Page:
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In Drown by Junot Diaz, there are decisive spaces for men and women within the text. Yunior and his mother demonstrate a compelling and complex dichotomy between a dependent maternal figure and an independent male figure. These two figures are each unique in their presentations of masculinity and femininity as they exist outside of traditional gender roles and expression. However, by transcending gender expectations, both Yunior and his mother are policed and ostracized because they do not adhere to normative ideologies.
Yunior’s mother represents traditional Latinidad roles as she remains loyal and supportive of her son and husband. Conversely, Yunior’s mother is presented as maintaining distance between herself and her son, as the only things that pass between them are money, silence, and protection. Undoubtedly, she is playing a role that she cannot escape, because if she did not adhere to societal norms she would lose her connection to her son and her sense of safety. Physically, Yunior’s mother predominantly exists in the domestic sphere, wading from room to room in silence. As Yunior describes her, “She’s so quiet that most of the time I’m startled to find her in the apartment” (Diaz, 94). Metaphorically, this silence represents her inability to express her true desires or her true self. The importance of silence permeates the text as Yunior’s mother becomes the embodiment of isolated fears within the familial relationships. Yunior struggles to understand how his mother maintains a sense of loyalty and even love for Yunior’s father, especially when Yunior remains a target of fears and anxieties throughout his youth. Misery and loneliness are etched into her very being, as is evident when she treats a trip to the mall like a celebrated occasion. Like Yunior himself, Yunior’s mother deviates from the norm. The phone calls to her former husband demonstrate a type of yearning that is non-normative and thus regulated by Yunior, who believes that his mother’s desire to remain close to her husband reflects his own repressed desires surrounding Beto.
Though Yunior does not necessarily mimic his mother’s relationship with Yunior’s father, he nonetheless construes his desire and potential desperation for Beto as a flaw that connects him and his mother. The central fear for Yunior is that he will inevitably experience the world as his mother has experienced it and crave the attention and love that a man like Yunior’s father can provide. For Yunior, this means that he cannot offer love and comfort; instead, he must offer stability and strength. These masculine ideologies persist throughout the text and are specifically maintained by Yunior in the face of a sexual awakening, potential job opportunities, and his role as the rock in the domestic sphere.
Yunior’s sexuality is clearly something that affects his identity as a man of machismo. However, there are clear distinctions made within the text between what is socially accepted and what Yunior is willing to participate in. Yunior has no problem with drug dealing because he believes that, as a product of an economically unstable environment, dealing is a choice that’s worth the risk if it yields an effective gain. Beto and Yunior’s sexual experiences, however, negatively affect Yunior self-image and drive him towards self-deprecation. The two encounters take place in Beto’s home, which gives the boys a sense of safety in their isolation and security in their expression of desire. Though these experiences are not morally problematic, Yunior cannot handle the thought of his social deviance, and that thought is what causes him to resent Beto. Crucially, Yunior does seek out Beto at the pool where they used to hang out during the summers. The pool represents their ability to be fluid in their expressions of sexuality and youthful in the midst of a transitional period in their lives.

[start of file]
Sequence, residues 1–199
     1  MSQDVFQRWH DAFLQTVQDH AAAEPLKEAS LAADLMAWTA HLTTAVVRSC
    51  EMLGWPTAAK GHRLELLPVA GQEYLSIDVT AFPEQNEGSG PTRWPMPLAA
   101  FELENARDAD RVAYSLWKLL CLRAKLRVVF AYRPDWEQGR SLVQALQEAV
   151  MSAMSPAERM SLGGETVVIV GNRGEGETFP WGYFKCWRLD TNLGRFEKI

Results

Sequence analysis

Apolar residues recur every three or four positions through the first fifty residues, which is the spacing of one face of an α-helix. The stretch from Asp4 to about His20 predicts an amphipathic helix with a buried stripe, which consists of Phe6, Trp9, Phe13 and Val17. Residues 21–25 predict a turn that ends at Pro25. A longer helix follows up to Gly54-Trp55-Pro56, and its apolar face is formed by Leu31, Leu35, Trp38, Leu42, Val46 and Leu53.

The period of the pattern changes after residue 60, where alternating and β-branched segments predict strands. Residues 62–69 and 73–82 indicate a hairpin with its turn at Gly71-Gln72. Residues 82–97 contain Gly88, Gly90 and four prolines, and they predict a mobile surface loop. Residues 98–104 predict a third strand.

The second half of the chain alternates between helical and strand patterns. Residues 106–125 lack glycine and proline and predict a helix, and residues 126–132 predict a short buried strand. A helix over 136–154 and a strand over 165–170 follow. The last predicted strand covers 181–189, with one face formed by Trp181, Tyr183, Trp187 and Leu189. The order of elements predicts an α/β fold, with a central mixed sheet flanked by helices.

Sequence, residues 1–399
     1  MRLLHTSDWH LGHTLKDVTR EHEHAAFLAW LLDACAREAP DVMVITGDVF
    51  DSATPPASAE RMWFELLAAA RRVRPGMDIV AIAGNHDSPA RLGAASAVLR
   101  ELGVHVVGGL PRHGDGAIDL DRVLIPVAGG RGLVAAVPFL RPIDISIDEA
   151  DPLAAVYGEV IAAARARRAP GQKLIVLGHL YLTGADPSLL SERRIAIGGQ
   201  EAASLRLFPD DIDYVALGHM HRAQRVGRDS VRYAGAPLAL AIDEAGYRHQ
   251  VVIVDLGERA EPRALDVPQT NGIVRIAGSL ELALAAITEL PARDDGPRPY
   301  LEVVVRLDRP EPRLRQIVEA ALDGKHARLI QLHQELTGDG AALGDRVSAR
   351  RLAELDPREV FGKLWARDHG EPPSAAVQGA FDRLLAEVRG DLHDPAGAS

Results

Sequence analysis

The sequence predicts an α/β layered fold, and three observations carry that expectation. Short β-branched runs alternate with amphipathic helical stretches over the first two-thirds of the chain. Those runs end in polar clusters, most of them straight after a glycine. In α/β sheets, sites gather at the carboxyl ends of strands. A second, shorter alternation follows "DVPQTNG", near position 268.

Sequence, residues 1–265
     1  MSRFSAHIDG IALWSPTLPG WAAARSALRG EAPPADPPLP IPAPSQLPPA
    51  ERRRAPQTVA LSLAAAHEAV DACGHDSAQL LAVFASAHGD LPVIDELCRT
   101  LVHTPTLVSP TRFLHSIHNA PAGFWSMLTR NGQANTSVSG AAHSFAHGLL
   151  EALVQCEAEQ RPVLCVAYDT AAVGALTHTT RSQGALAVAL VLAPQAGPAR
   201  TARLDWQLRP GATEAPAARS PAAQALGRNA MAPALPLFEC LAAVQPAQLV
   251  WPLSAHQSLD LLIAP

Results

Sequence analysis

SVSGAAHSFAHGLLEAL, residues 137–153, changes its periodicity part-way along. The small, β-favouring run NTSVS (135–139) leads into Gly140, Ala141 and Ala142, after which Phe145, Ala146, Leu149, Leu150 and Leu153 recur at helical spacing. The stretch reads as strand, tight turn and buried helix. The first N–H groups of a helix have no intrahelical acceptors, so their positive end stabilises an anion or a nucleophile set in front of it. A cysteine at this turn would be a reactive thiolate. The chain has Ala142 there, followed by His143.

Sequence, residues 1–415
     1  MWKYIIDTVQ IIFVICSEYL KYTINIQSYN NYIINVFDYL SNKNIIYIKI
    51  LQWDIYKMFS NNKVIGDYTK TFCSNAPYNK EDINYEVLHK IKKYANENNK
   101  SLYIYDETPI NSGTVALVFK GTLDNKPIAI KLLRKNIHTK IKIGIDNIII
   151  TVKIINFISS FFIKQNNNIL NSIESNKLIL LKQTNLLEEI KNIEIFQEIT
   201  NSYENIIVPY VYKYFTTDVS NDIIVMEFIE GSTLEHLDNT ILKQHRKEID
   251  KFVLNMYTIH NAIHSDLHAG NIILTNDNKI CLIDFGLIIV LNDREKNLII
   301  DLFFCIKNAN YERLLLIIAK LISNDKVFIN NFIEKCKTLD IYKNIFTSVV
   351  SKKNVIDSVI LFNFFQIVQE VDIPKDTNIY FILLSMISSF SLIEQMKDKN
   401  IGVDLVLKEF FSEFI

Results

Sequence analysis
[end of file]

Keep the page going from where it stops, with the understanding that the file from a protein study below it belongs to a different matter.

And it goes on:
Diaz purposefully avoids placing his characters into boxes because each individual has complex identities that are policed by themselves, their communities, and other institutional systems. Public and private spheres of expression are crucial for Yunior and his mother, allowing them to symbolically express their desires without complying with normative behaviors. Without the ability to go to the mall or call her husband, Yunior’s mother is rendered silent and in some ways becomes a ghost of what she once had — a persona which only exists in photos and in her own mind. Yunior struggles to maintain control of himself and his own desires, as well as the desires of his mother. By policing his mother’s actions, Yunior is able to protect his own cognitive dissonance with his own behaviors that exist outside of the performance of his perception of masculinity. Yunior and his mother deviate from normative behaviors, but in doing so are able to fully express their desires and transcend traditional gender roles.
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